“I, therefore, the prisoner in the Lord, beg you to walk worthily of the calling with which you were called; with all lowliness and humility, with patience, bearing with one another in love; being eager to keep the unity of the Spirit in the bond of peace.”
I am given to understand that there is a historical context of the message then – a church catering to diverse cultures. So this message remains most relevant to our present time with our multicultural and multi-religious society.
While the aforementioned quote is addressed to Christians, the following text in the Qur’an with its emphasis on inclusiveness, peaceful co-existence and mutual respect is clearly directed to Muslims:
“Allah does not forbid you from those who do not fight you because of religion and do not expel you from your homes – from being righteous toward them and acting justly toward them. Indeed, Allah loves those who act justly.”
The message to the Muslims here is that they should not look at their neighbours as if they were just “the other”. On the contrary, acts of righteousness and justice must also be extended to non-Muslims.
This brings me to the theme of moderation and justice. In my humble opinion, I believe there is a duty on us in our respective callings to espouse an inclusive paradigm in dealing with inter-communal and inter-religious relations.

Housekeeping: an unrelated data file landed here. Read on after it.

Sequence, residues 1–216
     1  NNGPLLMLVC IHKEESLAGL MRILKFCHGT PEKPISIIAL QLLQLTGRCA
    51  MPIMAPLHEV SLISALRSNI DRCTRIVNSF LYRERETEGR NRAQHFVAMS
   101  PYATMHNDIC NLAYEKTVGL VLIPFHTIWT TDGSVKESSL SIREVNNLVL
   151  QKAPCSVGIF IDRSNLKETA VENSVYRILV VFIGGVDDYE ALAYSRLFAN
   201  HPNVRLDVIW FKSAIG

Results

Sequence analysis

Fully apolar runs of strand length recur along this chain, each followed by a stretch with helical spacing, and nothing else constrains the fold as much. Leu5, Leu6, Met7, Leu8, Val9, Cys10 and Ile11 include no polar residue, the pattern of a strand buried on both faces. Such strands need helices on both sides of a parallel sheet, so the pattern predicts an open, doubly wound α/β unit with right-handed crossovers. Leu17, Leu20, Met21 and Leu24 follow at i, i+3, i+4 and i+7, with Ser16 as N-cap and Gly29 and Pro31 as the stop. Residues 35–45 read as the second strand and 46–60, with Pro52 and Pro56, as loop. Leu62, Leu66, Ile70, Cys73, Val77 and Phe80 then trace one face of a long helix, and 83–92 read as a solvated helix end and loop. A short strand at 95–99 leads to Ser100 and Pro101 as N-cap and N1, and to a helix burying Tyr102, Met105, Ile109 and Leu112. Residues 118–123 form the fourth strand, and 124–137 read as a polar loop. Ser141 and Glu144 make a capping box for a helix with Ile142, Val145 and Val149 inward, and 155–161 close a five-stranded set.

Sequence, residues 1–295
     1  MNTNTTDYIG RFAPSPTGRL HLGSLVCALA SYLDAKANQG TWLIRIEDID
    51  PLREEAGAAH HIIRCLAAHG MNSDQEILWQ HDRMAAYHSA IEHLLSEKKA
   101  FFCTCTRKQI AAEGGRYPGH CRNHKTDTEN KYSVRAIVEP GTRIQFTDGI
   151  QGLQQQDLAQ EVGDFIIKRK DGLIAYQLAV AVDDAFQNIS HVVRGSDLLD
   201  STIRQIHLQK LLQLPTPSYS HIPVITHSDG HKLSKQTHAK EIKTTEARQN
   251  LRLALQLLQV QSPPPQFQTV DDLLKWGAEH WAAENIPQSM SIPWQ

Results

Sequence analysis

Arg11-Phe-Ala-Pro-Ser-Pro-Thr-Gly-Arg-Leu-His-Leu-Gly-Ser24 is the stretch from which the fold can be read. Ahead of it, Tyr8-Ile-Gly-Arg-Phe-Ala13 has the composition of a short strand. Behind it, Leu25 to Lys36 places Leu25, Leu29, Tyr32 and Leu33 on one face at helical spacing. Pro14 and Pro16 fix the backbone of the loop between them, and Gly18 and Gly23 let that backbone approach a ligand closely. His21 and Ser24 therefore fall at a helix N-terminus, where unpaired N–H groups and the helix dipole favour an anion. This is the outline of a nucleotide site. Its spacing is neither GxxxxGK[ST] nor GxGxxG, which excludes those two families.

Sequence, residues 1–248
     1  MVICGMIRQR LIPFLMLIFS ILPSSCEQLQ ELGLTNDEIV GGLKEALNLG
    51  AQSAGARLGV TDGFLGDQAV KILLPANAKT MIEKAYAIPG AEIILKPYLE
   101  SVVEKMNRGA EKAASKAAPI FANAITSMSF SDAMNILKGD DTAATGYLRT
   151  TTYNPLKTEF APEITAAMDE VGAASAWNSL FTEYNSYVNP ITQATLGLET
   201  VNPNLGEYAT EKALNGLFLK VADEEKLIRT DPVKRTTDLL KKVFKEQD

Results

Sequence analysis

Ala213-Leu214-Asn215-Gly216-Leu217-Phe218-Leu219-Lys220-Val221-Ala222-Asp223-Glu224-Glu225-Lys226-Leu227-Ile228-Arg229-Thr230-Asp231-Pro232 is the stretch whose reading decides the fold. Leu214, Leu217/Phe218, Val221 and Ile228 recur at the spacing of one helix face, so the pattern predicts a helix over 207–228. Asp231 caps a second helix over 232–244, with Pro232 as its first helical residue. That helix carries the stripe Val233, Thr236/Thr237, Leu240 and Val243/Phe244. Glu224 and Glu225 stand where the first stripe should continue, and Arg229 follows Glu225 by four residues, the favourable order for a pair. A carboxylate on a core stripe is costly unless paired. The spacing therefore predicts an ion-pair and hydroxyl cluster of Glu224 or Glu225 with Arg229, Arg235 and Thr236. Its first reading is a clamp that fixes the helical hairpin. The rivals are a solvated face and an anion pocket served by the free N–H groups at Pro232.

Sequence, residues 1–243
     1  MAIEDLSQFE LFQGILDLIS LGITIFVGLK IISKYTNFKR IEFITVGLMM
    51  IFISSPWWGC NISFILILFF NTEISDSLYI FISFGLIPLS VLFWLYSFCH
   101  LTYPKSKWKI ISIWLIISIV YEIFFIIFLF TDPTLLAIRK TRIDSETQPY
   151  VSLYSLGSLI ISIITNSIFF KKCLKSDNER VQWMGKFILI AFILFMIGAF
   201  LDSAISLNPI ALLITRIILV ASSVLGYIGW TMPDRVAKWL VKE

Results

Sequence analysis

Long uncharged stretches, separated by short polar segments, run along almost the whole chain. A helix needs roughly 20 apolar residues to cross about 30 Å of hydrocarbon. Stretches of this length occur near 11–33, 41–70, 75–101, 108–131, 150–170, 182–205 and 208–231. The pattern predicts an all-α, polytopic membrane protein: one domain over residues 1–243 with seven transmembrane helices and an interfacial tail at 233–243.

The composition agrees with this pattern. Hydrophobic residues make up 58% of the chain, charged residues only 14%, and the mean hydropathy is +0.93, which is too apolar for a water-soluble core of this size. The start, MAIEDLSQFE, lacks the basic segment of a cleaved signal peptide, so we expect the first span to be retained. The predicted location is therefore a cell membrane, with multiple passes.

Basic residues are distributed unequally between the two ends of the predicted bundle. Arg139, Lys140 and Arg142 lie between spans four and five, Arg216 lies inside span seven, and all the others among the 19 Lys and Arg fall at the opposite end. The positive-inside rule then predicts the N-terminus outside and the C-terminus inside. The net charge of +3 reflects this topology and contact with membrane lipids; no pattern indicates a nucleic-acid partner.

Extremism must not be allowed to displace moderation. Injustice must not gain the upper hand over justice. Moderation must also translate into tolerance and inclusiveness, and make us more outward looking.
Failure to look beyond one’s confines can only lead to a culture of intolerance and bigotry. This in turn has given rise to all kinds of negative tendencies and consequences.
Let me take this occasion to reiterate that religious bigotry, extremist sentiments and other such negative tendencies have no place either in governance of a state or a nation. Neither do they have any place in politics.
Community leaders must promise the people to honour and fulfil certain basic principles essential for the peace and harmony of our nation.
We are a nation of many ethnic groups with diverse mother tongues and religious faiths and we believe in and we earnestly want peace and harmony.
I am fully convinced that we can and we must unite to silence the whisperings of suspicion and distrust, extinguish the voices of animosity and religious bigotry and with moderation and justice, we shall overcome.